How ketamine-based clinics improve veterans’ mental health

Dr. Sam Zand has seen many patients struggling with PTSD come through his office. Many come up with similar objections: doctors dispense brain-rewiring drugs too freely, there isn’t enough medical consultation, and there’s rarely a treatment plan to supplement the stack of pills.

As the founder of the Las Vegas-based Calm Clinic, Zand, a clinical psychiatrist who also teaches on the topic of psychedelic therapy at local universities, has been a staunch proponent of a range of non-traditional treatment methods that have gained momentum in recent years.

One such practice, intravenous ketamine infusion therapy, has shown particularly significant promise in reducing the severity of PTSD symptoms in the veteran community.

Ketamine treatments have made enough inroads with PTSD symptom relief that the Department of Veterans Affairs Community Care Network recently expanded its relationship with ketamine wellness centers to provide veterans with additional treatment options, such as the first ketamine nasal spray it approved Federal Drug Administration.

Zand told the Military Times that the move was overdue.

We overdiagnose and overprescribe in psychiatry, Zand said at the MCON Military and Veterans Culture Convention in Las Vegas. What [the Calm Clinic is] it’s introducing more holistic, innovative measures, such as ketamine therapy, and recognizing that there are so many other strategies we can tap into to improve our mental health.

Veterans afflicted with PTSD often enter the Calm clinic experiencing symptoms of hyper-vigilance and fight-or-flight, Zand added. However, with intravenous ketamine treatment modalities, the body and nervous system become more relaxed and therefore more receptive to treatment.

This approach, especially when coupled with talk therapy, is a formula designed to produce immediate and lasting results, Zand said.

As much as talk therapy can be done, without feeling relaxed and without resetting your body, it’s hard to tap into that growth mindset, he said. So bringing relaxation and psychological growth is the combination we need for our veteran community, and we’re tailoring our program to work with vets to meet them where they’re at with a sense of compassion.

That program begins with a patient-clinician meeting in person or online to fully assess factors contributing to the patient’s PTSD symptoms.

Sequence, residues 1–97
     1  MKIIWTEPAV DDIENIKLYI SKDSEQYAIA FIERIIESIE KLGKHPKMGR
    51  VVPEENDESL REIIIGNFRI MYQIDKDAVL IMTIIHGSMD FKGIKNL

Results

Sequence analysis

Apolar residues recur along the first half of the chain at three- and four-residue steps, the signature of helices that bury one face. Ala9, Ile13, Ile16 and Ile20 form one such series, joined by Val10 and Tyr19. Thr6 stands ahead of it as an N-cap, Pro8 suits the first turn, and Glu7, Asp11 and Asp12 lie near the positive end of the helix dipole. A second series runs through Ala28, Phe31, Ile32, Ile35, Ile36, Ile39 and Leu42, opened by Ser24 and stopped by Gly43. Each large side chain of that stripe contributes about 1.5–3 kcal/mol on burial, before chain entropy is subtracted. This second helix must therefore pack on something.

Depending on how those symptoms manifest, the Zands team adjusts the treatment plan through modalities that range from traditional medications to talk therapy and electrical stimulation. Combining these programs in different capacities, he said, has yielded tremendous results.

And the Calm clinic is not alone in its success. A recent VA study found that 86% of veteran participants who participated in ketamine infusion therapy showed significant improvement in treatment-resistant depression.

One method of enhancing that success is to incorporate sound-based therapy before or after the ketamine infusion. This approach, according to Torcom Yee, a Los Angeles-based meditation specialist who practices sound and vibration therapies, supports a level of physical and mental calm that can enhance the results of the infusion.

Sound therapy quickly calms the body and mind to prepare you for a deeper sense of relaxation, Yee said. This can help prepare you for what you’re about to get into during a ketamine session. You need that space in time to be able to integrate the experience. And using vibrations and listening to music, especially tonal music rich in overtones and soundscapes, helps us integrate a deeper sense of calm.

Of course, achieving composure has proven difficult for Iraq and Afghanistan veterans. A 2022 study on veterans and mental health problems found that approximately 14%-16% of veterans who served in the Global War on Terrorism suffer from PTSD.

And yet, with these new therapies working together, an immersive, almost transformative experience is possible, Zand said.

We often think that something is wrong with us, that we have to fix it ourselves, said Zand. And that’s not true. We all have a mental health journey. But this treatment does not care about turning. We adapt it to our community. And by leading with love and compassion, it worked wonderfully.

Jon Simkins is a writer and editor for Military Times and a USMC veteran.

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